Conclusion

shake the wickedness ... and ingratitude out of her.' Following the revelation that Melmotte desired to resort to violence, the diction in the extract changed dramatically. The phrases in Melmotte's dialogue become shorter in length, which showed his patience approaching its limit. The phrases were also dramatic and designed to instil guilt into Marie - '[Marie] does not care who is ruined.' This passage shows that Melmotte has not accepted the transferral of power over Marie. This extract from The Way We Live Now exposes the powerlessness of women in Victorian society. Trollope creates an illusion of power in a central female character, Marie. It becomes evident that this power is not Marie's, but only an extension of that belonging to her betrothed. The character Madame Melmotte is an embodiment of the stereotypical Victorian wife. She also provides a template for Marie's future, which is that of a subservient wife. This extract provides an insight into the differences family dynamics in the Victorian era and the transferral of power in a marriage from a father to a husband. ?? ?? ?? ?? Meredith Lambert - QASMT English - Unseen Commentary - Semester 2, 2008 1 ...read more.

The above preview is unformatted text

This student written piece of work is one of many that can be found in our International Baccalaureate Languages section.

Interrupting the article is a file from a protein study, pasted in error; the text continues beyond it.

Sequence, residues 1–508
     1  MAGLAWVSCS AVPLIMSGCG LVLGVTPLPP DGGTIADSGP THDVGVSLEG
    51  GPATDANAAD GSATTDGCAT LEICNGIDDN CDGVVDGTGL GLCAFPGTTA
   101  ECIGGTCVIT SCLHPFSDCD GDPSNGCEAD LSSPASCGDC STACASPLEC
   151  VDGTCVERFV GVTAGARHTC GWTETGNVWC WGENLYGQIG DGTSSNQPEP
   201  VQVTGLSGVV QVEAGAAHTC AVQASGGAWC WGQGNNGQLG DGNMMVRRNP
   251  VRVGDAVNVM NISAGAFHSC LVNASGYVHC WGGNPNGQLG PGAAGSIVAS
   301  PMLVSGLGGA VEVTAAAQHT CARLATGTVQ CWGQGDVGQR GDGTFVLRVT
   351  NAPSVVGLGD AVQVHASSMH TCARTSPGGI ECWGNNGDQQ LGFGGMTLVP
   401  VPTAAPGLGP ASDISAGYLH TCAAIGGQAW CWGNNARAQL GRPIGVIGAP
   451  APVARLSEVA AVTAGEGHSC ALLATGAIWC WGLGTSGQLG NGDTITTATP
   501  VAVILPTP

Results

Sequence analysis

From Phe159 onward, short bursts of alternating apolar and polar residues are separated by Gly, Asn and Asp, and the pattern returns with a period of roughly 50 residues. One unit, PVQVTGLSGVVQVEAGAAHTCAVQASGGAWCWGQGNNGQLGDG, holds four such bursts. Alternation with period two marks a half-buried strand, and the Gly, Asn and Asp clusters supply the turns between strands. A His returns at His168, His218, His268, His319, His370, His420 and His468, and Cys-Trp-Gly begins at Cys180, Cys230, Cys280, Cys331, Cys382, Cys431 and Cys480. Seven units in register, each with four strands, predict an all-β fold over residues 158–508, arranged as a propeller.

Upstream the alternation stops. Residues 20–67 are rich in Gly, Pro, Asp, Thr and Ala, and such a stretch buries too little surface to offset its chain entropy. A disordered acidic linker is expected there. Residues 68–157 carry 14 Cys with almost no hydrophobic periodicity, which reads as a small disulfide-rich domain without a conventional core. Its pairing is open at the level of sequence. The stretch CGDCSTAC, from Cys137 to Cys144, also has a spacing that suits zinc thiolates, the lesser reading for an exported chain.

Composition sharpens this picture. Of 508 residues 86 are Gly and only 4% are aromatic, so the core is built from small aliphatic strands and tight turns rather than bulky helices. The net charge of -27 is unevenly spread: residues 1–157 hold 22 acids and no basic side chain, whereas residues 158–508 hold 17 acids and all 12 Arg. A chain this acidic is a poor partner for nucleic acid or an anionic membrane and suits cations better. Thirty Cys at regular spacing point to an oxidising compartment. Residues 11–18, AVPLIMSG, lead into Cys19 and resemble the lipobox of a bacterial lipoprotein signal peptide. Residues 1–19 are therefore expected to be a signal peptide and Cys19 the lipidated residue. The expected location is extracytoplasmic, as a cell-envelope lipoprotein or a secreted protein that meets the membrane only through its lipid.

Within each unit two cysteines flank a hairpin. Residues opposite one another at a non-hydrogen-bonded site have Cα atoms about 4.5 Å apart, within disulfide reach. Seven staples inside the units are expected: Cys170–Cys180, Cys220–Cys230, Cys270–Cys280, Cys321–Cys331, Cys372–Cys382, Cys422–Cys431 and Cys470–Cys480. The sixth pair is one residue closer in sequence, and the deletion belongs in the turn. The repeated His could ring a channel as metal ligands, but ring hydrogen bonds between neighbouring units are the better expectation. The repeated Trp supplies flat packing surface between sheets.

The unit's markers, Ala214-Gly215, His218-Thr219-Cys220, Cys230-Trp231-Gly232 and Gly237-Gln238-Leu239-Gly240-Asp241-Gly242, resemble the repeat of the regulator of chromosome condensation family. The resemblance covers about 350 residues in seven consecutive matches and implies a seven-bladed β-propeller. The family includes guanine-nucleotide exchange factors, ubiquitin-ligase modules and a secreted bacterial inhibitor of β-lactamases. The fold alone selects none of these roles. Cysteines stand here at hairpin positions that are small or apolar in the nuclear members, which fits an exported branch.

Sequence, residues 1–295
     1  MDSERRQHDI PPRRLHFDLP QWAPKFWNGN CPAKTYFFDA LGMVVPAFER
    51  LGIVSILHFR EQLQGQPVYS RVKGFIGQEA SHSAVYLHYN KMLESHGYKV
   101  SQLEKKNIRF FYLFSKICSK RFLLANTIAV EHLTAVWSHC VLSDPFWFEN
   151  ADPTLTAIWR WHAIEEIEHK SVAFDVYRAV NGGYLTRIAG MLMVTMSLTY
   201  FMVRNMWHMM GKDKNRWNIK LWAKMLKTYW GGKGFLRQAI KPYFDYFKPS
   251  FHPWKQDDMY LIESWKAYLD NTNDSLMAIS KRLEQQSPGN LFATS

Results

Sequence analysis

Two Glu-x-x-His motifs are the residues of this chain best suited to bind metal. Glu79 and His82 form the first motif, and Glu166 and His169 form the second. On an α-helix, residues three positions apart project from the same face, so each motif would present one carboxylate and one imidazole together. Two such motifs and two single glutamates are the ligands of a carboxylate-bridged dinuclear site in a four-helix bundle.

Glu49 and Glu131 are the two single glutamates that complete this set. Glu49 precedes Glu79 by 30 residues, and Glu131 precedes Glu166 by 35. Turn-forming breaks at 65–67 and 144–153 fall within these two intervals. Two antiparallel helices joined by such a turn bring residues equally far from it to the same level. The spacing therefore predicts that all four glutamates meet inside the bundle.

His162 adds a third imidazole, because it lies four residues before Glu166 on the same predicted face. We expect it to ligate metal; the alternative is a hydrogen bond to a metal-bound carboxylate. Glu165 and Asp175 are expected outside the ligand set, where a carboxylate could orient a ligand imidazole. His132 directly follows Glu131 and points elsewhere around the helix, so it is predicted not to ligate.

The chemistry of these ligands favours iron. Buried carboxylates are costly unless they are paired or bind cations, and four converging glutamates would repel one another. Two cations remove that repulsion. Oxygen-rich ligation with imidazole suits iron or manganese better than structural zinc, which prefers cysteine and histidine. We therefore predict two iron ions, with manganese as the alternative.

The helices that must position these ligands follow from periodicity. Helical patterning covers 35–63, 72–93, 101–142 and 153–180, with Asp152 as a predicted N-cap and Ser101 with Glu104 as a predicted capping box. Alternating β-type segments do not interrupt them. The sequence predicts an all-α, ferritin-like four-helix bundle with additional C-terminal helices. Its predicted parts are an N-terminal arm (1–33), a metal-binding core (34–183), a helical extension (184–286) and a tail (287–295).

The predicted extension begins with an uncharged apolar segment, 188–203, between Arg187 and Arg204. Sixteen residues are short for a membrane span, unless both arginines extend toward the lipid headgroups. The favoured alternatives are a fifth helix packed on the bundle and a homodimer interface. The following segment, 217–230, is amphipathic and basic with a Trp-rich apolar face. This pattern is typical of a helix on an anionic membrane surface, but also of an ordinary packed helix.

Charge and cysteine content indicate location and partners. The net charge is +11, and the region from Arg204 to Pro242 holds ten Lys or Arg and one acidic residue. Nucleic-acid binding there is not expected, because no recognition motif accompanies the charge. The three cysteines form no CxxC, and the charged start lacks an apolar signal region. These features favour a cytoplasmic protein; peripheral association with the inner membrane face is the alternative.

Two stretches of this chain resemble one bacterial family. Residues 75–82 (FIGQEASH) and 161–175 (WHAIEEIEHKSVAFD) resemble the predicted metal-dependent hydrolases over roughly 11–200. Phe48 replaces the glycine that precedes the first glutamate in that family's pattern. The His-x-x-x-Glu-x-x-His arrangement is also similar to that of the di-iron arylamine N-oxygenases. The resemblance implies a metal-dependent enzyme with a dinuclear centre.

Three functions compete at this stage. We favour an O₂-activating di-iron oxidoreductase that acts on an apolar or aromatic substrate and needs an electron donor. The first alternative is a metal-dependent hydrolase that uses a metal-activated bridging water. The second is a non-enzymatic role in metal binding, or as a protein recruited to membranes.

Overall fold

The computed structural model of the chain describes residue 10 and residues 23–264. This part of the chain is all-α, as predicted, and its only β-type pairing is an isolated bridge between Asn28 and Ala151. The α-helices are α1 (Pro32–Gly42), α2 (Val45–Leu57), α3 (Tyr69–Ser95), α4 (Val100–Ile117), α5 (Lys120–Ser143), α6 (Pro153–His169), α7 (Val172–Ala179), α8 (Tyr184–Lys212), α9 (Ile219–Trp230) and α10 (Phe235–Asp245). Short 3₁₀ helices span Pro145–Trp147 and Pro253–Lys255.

Found what you're looking for?

  • Start learning 29% faster today
  • 150,000+ documents available
  • Just £6.99 a month

Not the one? Search for your essay title...
  • Join over 1.2 million students every month
  • Accelerate your learning by 29%
  • Unlimited access from just £6.99 per month

See related essaysSee related essays

Related International Baccalaureate Languages essays

  1. History research - Early Australian bushrangers. English writing -my region and favourite authors.

    I'd like to tell you more about Yanka Kupala. He represents one of the peaks of the Belorussian poetry. The most important factor, that influenced Kupala's works were Belorussians legends, Belorussian daily life. His father was an impoverished aristocrat, a tenant farmer.

  2. Beloved Prose Commentary